The capacity of glutaric acid to induce gene mutation in mammalian cells was assessed using unpublished literature data on the substance and QSAR predictions. QSAR Toolbox prediction of the in vitro mammalian cell gene mutation assay was performed by grouping of chemicals and were negative with moderate confidence. The endpoint predictions on glutaric acid is supported by the consistent results obtained during an in vitro mouse lymphoma forward mutation assay performed on the substance. It was concluded that the substance does not have the potential to induce gene mutation in mammalian cells.

Link to relevant study records

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Endpoint:
in vitro gene mutation study in bacteria
Type of information:
experimental study
Adequacy of study:
weight of evidence
Study period:
From 16 August 2016 to 05 September 2016
Reliability:
1 (reliable without restriction)
Rationale for reliability incl. deficiencies:
guideline study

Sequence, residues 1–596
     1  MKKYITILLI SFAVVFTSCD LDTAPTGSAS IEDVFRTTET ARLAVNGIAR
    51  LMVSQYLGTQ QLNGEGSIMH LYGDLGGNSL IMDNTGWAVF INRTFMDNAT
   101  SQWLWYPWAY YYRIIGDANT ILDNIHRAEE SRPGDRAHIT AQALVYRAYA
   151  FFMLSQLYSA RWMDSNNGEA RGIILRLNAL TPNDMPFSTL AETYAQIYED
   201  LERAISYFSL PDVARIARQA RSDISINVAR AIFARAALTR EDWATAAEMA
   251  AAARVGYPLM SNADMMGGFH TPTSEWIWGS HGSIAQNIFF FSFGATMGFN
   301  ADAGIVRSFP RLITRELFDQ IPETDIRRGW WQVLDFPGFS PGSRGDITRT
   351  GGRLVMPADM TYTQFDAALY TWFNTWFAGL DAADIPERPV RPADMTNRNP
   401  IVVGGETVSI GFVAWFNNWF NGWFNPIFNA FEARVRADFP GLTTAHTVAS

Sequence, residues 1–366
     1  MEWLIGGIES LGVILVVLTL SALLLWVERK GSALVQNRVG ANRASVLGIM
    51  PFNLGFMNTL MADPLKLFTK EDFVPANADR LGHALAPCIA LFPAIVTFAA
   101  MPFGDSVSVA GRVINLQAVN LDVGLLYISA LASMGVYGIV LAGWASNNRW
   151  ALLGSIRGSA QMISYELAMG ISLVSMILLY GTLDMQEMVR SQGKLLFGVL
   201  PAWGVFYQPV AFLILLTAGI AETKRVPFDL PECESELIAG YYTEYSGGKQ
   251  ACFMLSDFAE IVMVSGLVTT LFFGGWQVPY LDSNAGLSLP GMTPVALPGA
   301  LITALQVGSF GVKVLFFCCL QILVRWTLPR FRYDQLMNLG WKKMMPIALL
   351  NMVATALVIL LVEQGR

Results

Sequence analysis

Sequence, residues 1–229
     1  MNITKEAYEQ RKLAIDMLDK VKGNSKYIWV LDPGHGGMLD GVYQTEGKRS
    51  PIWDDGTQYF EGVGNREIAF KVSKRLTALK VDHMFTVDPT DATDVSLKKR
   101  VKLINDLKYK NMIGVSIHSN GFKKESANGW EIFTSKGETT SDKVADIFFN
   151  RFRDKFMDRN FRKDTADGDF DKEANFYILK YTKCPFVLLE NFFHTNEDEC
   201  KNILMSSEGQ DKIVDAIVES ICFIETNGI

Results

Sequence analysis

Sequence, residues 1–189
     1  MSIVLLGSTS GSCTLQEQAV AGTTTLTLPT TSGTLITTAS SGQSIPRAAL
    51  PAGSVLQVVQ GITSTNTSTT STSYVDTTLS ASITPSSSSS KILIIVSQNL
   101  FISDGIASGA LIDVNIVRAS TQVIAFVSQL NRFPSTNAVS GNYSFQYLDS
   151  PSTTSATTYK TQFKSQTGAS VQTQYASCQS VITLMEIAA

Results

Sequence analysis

Reference:
Composition 0
Qualifier:
according to
Guideline:
OECD Guideline 471 (Bacterial Reverse Mutation Assay)
Deviations:
no
Qualifier:
according to
Guideline:
EU Method B.13/14 (Mutagenicity - Reverse Mutation Test Using Bacteria)
Deviations:
no
Qualifier:
according to
Guideline:
EPA OPPTS 870.5100 - Bacterial Reverse Mutation Test (August 1998)
Deviations:
no
Qualifier:
according to
Guideline:
other: Japanese Ministry of Economy, Trade and Industry, Japanese Ministry of Health, Labour and Welfare and Japanese Ministry of Agriculture, Forestry and Fisheries.
Deviations:
no
GLP compliance:
yes (incl. certificate)
Type of assay:
bacterial reverse mutation assay
Test material information:
Composition 1
Target gene:
Histidine for Salmonella.Tryptophan for E.Coli
Species / strain:
S. typhimurium TA 1535, TA 1537, TA 98, TA 100 and E. coli WP2
Metabolic activation:
with and without
Metabolic activation system:
S9-mix